Then followed one of those legendary actor-director exchanges that one reads about in movie magazine articles as being a necessary feature of any worthwhile film production. The problem from the Director's viewpoint was that, in the close-up shots at the end of his run down the tracks, he could not keep both the artist's face and the picture he was painting within the frame. His solution was to instruct the artist to move in closer to the painting.
Now, the Old Man had taken up his position standing well back from the easel, palette held comfortably in front of him and brush grasped firmly well towards the end of its quite long handle. From this stance he could freely move the bristles from the paint daubs on the palette to the surface of the canvas with sweeping movements of his extended right arm. This was the way he had seen it done so many times by many artists and he was really quite proud of how well he was simulating the technique of the masters. He felt compelled to point out how difficult it would be for him to move closer to the canvas and still make the actions of painting.
"Hold the brush as you would hold a pencil, down near the point," ordered the Director, thereby evoking a protest, strongly supported by the professional opinions of the Real Artist being thrown in from the sidelines, as to what an unauthentic representation of an artist at work this would create.
A few more moments of tense discussion established that the Director rated the production of a well-framed shot far above avoiding any display of ignorance as to how a painter painted: so, disciplined performer as he was, the Old Man waved his protest support to silence, and commenced to attack the surface of the canvas with a series of short sharp jabs with the point of the brush. He hadn't counted on his rare foray into the art world placing him into the ranks of the Pointillists, but his revised method of operation seemed to settle the argument and even please the Director.
The remainder of the morning and all the afternoon of Day 1 was devoted to filming the Old Man portraying the old artist. With just a few variations such as a shuffling walk in his "worn out shoes," a little hobbling across to the window on a walking stick, and producing brightly coloured swirling effects by washing paint soaked brushes in a jar of water, the whole of his time before the camera was spent in front of the painting on the easel. There he stood for hours working away at that head study, but, for the most part, having no affect whatsoever on the Real Artist's original work.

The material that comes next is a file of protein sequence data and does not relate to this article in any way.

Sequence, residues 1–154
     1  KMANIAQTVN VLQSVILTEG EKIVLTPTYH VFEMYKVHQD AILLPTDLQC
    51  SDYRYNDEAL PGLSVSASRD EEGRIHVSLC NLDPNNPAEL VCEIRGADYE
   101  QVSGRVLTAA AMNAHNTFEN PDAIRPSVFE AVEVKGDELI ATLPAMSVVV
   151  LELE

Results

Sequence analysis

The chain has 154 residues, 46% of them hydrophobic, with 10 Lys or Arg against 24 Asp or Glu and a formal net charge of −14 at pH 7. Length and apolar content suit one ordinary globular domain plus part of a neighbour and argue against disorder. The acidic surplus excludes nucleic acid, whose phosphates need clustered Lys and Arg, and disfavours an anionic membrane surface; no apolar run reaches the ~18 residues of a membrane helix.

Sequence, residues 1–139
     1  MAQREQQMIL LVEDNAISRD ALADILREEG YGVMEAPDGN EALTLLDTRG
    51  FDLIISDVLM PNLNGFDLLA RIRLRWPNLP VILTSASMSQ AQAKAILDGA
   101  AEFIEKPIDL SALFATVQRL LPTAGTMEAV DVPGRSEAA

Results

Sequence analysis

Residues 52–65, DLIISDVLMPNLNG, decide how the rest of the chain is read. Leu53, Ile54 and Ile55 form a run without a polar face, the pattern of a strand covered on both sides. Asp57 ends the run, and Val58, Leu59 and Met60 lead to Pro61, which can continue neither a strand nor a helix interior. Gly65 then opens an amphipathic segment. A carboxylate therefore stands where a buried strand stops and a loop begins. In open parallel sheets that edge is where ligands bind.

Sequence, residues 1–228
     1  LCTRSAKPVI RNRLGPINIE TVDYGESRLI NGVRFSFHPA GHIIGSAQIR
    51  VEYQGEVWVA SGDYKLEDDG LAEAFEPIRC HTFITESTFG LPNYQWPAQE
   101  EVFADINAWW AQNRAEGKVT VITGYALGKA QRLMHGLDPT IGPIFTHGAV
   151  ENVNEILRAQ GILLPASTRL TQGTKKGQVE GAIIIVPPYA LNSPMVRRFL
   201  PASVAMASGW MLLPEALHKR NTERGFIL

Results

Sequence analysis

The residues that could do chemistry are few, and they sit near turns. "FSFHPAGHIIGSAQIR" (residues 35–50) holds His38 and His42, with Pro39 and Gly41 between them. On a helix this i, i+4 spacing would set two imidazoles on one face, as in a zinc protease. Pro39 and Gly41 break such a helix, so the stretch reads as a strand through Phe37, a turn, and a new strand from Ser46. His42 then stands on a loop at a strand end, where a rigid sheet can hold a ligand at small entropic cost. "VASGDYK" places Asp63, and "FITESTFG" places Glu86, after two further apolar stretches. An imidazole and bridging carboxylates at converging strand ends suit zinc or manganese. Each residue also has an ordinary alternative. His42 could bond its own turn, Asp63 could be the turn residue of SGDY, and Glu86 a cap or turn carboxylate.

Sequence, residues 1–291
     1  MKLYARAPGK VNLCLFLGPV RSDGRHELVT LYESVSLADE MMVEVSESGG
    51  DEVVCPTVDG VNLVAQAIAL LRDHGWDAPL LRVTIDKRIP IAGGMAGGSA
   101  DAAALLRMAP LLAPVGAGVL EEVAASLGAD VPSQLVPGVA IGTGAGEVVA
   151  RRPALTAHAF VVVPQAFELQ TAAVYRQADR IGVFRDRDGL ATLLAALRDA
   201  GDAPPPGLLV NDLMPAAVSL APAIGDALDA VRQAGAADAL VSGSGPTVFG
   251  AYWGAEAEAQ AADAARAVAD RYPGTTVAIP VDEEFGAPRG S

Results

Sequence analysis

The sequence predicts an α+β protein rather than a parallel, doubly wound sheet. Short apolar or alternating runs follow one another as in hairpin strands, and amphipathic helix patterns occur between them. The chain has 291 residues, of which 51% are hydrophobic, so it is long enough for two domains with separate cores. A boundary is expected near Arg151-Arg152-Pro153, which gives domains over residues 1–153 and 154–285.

One has to use the qualification "for the most part" as there was one exceptional incident which produced some unfortunate results. This arose from a further direction to "put some of that bright orange paint on your brush." With the insistent assistance of the Staging Person, the Old Man complied and found himself having to follow his daubing routine with a brightly loaded brush. With the camera closely leering at him, he had little option but to bring the brush too close to the surface on a number of occasions and the Director compounded the problem by making this the longest take to which the Old Man was subjected in the whole of the filming. Acrylic paint dries very quickly and the rogue daubs were well on the way to being set by the time the welcome call of "Cut" came. They, thus, defied to efforts of the Real Artist and the Staging Person to remove them during the break and the head study had suffered the first of the transformations which made it the worst casualty of the "Man Of Colours" filming.
There were, of course, breaks in the filming process, for reasons organisational, natural, and even just plain fatigue, whether under some more obtuse guise or not. About midday, a violent thunderstorm clouded out the skies and forced the switching off of the lights outside the windows. This seemed like a good time to call a lunch break and the breaking out of the picnic baskets. This was done and, by the time all the coffee and goodies had been disposed of, the sun had re-emerged and was bathing the back verandah-studio in a generous distribution of natural light. This seemed to be confirmed by the Light Measurer on the resumption of filming and, for the remainder of the afternoon, the bank of lights in the backyard were dispensed with and spirited away to a new location.
The afternoon progressed with endless filming of the Old Man, in profile, daubing away at the picture in front of him, punctuated with incessant light intensity readings by the Light Measurer and accompanied throughout by the interminable sound of "Man Of Colours" emanating from the ghetto blaster.³
The filming process was constantly interrupted by frequent camera shifts involving considerable re-laying of railway tracks and by innumerable conferences between Director and Producer. The latter's main contribution to these seemed to be a gasping "We've blown the budget, then!" - a statement which always prompted the emergence of the robing trio's calculators and notebooks.
As the afternoon sunlight faded in the studio, a decision was made to cease filming there, immediately followed by the announcement that filming would resume in two hours time in a warehouse at an inner city address. This again motivated the calculators to working overtime calculating overtime, followed by a flurry of disrobing, props dismantling and packing, and worried budget forecasts from the Producer.
The Old Man consulted with the Real Artist. They were both of the opinion that enough film had already been shot for a feature film on the life of Renoir (and he went on daubing at canvasses until well into his eighties). However, as they had no other plans for their Saturday night, they made their plans to proceed home for a quick bite of tea and then make their way to filming Location 2.
To be continued - again...
¹ Yes, there was meant to be only one "b" in that
word, notwithstanding any comments that may be later forthcoming.